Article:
For the other side of the bag you will need the bag top piece as well as the rectangular pocket and the pocket with flap.  Place the bag top piece right side up.  Lay the pocket with flap lining side up between the handle placement lines.  On top of the pocket with flap, place the rectangular pocket exterior side up.  Make sure to line up the pockets with the bottom edge of the bag top and between the handle placement lines.  Baste in place, just as you did with the curved pocket.  You will notice that you have actually created two pockets on this side of the bag.  The front pocket will be covered with the button flap.  Behind the flap layer is a pocket with an open top.Pocket Placement Diagram_Pocket with flap

Finished Pocket with flap open and side and bottom edges incased

Finished Pocket with flap open and side and bottom edges incased

Finished pocket with flap closed

Finished pocket with flap closed

Now we are going to assemble the side seams.  Place the bag tops right sides together, making sure the top of the pieces are going the same direction.  Pin and stitch the side seams on the stitching lines.  Sewn Bag Top Side Seam

Press the side seams open.Bag Top side seam pressed open

For the bag bottom, fold the piece in half lengthwise with the right sides together (when folded, it should look like the pattern piece).  Pin and stitch both side seams.  Press open the seams.Stitching Bag Bottom Side seam

Pin the shaping seam for the bag bottom.  The side seam should match up with the center of the bag bottom.  Pin and stitch on the line.Sewn Shaping Seam

Place the pieces for the bag lining right sides together.  Pin and stitch the side seams on the stitching lines, finish the raw edges, then press the seams open.  Finishing Raw Edges

Pressing the lining seam open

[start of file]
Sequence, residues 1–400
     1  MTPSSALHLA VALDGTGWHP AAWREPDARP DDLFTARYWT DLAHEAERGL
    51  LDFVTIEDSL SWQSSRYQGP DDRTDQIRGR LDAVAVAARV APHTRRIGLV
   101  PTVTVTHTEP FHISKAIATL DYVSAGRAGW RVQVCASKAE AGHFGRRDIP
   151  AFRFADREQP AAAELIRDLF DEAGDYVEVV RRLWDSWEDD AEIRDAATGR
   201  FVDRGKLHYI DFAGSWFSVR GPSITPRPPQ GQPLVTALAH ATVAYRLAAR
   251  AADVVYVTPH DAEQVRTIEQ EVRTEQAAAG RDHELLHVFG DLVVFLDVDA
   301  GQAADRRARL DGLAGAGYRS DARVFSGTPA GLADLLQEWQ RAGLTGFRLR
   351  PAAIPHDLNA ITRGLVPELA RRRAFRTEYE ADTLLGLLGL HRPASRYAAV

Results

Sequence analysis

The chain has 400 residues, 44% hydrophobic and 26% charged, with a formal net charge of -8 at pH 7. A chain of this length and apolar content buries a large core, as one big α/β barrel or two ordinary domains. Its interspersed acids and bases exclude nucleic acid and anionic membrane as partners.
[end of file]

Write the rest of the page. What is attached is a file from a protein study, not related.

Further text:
You will also want to pin and stitch the bottom of the bag, leaving several inches in the center of the seam open.  This opening is what you will use to turn the finished bag right side out, so don’t try to make it too small.  Pin and stitch the shaping seams of the bag lining.  When lining this seam up, the side seam will match up to the bottom seam.

With right sides together, pin and stitch the top of the bag top to the top of the bag lining.  Since this is a circular seam, you will want to match the side seams up to start with.  Pinned top seam

Grade the seam allowance and press it toward the lining.  Understitch the seam allowance to the lining of the bag.Understitching Front View

Situate the bag so the right side of the bag upper is readily accessible and the lining is pulled out away from the bag top.  We are now going to position the bag handles.  Before cutting the webbing, estimate the length you think you will need and pin it roughly in place.  Check the length and when you are happy, mark the length, unpin it, and cut two sections of webbing exactly the length.  Starting at the each end of the webbing, pin the webbing carefully in place between the handle placement thread tracing lines.  Double check that the handles didn’t get twisted in the pinning process.  Pinning the handles in place

Stitch up one side of the handle, across the top of the webbing (just before you reach the top of the bag where it joins the lining) and back down the other side of the webbing.  Make sure you have the lining out of the way, so it doesn’t get caught up in the handle stitching.  Repeat this process for each section of handle.Sewing down the webbing handles

With right sides together, pin and stitch the bag bottom to the bag top.  Hint:  I turn the bag bottom right side out, the bag top wrong side out, and slip the bag bottom inside the bag top.Bag Top pinned to Bag Bottom

Clip the bag top seam allowance just outside the bag handles.  Press the bag top to bag bottom seam open at the bag sides and down at the pocket and handle sections.

Turn the bag right side out and press the lining toward the inside at the top edge.  Pressing the lining to the inside of the bag

You are almost there- Next week we’ll be finishing up!

I am linking this post up with WIP Wednesday at Freshly Pieced.  Please look in to see what everyone is working on!


Valentine Tic-Tac-Toe: Mini Quilt #5

What could be more fun than a mini quilt?  Eleven mini quilts!  This week I decided to make the fun and games of Mini Quilt Mania into a real game!  This mini is a quilted version of tic-tac-toe with a Valentine’s Day twist.

Tic-Tac-Toe Quilt Set

The game board section section of the set is comprised of a grid of red echoed with this fun pink print.  The background of white Kona Cotton really shows off the echoing heart spiral quilting.

Quilt Front

The backing of the quilt is also white Kona, which shows off the pink quilting thread.

Back Quilting and Binding

One quilt isn’t enough for this week, so I made ten more mini quilts to act as game pieces.

Tic-Tac-Toe Set Bag